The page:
Q and A: Interview with Rodney Richards

Rodney Richards is a brilliant author of books about science for elementary school-aged children. Among his many works is his most famous book, Hidden on a Prairie, a book about prairie life. The thirty-two year old claims to have written it in only two months, with absolutely no research. The quality of the writing is unbelievably excellent, and has won him a place in every child's heart.
He has taken time out of his busy schedule for an interview. I would like to welcome Rodney Richards; thank you for joining us today!

Richards: Yeah, yeah. That's okay. I was just dropping by.

Tell us, Rodney, what does it feel like to be big and popular? How do you feel about being a hero to all those school teachers and parents out there?

Richards: Well, it's an okay life. I do pride myself on my large audiences. But you know, life as a movie star isn't as great as being out on the prairie, feeling the nice cold wind and hearing the swishing branches of the trees. I kind of miss the penguins, too.

Just a moment, I want to ask you about what you just said there. You mentioned being a movie star; did you star in a movie too?

Richards: He, he. almost. National Geography wanted me to stand in for one of their programs on seals, but for some reason, they decided against it.

I see. What's National Geography?

Richards: Everyone knows about them, stupid!

Um, of course. Do you mean National Geographic?

Richards: Same thing.

Right. So what prairie did you write your book on? You said there were trees on it, and most prairies are characterized by their lack of trees.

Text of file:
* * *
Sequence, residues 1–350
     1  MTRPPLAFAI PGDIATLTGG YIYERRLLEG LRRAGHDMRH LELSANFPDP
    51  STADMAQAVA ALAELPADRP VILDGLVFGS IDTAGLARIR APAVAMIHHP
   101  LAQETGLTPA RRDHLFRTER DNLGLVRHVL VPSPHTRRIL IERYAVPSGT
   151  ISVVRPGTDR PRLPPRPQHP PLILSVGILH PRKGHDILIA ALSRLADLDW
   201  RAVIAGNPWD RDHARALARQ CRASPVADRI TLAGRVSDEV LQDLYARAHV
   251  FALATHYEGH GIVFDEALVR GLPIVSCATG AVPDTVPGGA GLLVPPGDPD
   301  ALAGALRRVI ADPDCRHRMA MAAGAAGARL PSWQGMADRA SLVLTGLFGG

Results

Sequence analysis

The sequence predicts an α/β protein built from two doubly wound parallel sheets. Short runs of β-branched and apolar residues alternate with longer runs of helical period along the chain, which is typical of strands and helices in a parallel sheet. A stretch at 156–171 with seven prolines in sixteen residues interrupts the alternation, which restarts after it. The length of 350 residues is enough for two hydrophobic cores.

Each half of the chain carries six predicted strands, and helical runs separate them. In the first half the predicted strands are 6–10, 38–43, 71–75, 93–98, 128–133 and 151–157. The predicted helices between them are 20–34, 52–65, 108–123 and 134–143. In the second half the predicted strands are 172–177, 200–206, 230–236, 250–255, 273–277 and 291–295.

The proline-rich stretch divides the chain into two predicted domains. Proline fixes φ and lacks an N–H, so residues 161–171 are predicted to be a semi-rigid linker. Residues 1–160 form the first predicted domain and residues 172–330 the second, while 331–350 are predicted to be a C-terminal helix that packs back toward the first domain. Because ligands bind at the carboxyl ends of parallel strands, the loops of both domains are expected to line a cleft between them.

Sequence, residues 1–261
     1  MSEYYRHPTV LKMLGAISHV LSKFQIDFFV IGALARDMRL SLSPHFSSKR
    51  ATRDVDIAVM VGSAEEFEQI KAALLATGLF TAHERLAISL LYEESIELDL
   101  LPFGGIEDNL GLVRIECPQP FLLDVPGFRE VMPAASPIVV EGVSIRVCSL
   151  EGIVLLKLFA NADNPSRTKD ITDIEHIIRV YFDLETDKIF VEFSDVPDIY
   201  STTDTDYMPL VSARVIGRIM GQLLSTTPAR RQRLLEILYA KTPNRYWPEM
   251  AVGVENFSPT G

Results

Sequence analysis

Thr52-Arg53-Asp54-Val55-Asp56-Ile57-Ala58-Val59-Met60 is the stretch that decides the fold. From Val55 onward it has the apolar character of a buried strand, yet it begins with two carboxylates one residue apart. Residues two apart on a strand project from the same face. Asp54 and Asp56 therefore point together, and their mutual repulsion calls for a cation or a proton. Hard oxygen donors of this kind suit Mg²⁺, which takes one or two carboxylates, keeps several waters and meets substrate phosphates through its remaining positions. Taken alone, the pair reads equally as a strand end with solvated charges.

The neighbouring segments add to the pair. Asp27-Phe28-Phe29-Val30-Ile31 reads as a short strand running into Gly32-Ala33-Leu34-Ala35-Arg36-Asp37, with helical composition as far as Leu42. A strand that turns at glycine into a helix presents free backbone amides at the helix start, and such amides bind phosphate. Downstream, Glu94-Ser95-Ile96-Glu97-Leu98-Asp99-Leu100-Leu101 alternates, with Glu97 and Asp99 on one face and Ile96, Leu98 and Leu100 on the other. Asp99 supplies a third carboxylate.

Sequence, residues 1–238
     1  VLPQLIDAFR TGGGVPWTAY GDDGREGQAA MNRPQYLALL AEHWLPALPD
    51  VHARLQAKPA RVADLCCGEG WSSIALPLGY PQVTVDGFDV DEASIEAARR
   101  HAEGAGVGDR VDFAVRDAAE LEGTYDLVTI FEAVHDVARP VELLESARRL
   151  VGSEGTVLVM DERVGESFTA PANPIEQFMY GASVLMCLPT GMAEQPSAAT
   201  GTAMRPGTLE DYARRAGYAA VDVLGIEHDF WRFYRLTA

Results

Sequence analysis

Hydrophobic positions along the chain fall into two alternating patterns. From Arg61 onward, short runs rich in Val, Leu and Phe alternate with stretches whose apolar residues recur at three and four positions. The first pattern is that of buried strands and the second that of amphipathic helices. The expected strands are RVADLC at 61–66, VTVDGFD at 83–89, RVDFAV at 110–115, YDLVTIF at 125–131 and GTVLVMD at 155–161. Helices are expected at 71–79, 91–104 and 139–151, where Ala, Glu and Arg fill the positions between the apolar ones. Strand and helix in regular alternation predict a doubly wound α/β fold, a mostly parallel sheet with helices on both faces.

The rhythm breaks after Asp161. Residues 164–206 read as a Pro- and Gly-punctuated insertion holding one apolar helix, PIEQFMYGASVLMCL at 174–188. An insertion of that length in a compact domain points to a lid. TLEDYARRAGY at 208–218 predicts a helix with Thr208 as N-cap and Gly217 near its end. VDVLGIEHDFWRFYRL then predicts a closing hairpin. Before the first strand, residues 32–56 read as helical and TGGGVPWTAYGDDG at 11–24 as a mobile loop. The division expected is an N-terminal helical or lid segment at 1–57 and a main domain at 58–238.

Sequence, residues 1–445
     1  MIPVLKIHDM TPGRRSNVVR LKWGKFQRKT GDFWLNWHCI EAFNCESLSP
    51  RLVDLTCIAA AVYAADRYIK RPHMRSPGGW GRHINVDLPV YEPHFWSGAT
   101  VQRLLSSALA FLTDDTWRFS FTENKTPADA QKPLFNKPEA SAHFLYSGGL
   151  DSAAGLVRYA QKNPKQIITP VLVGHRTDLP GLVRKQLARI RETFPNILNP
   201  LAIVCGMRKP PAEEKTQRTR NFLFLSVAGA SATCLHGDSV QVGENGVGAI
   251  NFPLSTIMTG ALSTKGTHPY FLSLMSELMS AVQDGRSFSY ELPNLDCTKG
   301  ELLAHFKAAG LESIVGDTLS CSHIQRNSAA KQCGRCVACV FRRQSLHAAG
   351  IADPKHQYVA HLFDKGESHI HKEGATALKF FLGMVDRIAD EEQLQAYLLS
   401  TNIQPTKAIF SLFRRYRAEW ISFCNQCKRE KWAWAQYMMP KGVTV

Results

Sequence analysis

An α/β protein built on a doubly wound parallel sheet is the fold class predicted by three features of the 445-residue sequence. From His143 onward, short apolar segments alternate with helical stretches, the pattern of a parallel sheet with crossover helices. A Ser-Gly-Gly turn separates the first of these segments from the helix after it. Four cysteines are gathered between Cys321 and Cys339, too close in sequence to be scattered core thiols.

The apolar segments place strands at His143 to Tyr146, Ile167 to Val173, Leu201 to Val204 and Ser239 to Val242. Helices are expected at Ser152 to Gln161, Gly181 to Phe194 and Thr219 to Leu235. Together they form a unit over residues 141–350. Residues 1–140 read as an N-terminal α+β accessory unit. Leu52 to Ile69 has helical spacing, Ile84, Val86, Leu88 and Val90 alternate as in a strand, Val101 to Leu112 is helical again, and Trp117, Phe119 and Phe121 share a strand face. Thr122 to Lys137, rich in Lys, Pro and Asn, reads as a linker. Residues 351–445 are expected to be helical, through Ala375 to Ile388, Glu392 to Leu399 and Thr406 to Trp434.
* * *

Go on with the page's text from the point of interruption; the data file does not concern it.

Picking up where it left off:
Richards: I never actually went to a prairie. I figured that one of those place like the rain forest in the Blue Mountains of Australia was good enough, so I wrote the book there. There's nothing so good for an author than to be in the exact place he's writing about. You know?

Yes, quite. Now you did absolutely no research in writing this book?

Richards: None whatever. When I was younger I used to read a lot. By now I have, like, an encyclopedia for a brain, so it was an easy affair to write a book. It's just transferring thoughts onto paper that's the difficult part.

So, you have an encyclopedia brain. If I asked you a question, could you answer it?

Richards: Of course! Fire away.

Okay, what can you tell me about the founding of America?

Richards: Oh, you're getting smart on me! You didn't say it would be history question. Okay, so the founding of America.... The Indians found it first. They sailed over in their motorboats and established the USS Constitution. I think it was an airport of some sort. Then Christopher Columbus came over with some of his men and they set up a Bell of Rights.

A bell? I thought it was the Bill of Rights.

Richards: Well, it certainly cost them a bill to make that bell. I think that's why they had a big fight with the cardinals.

Cardinals? Who were they?

Richards: A type of bird; haven't you ever heard of them? Christopher Columbus and his gang called the birds red coats because the birds looked red.

Yeah. Most cardinals are red.

Richards: I thought you didn't know much about them.

Anyways, what happened next?

Richards: Well, clearly there was a big fight and Columbus won.

Against a flock of birds? Who were upset over a bill?

Richards: You would be upset if your bill was taken away, wouldn't you?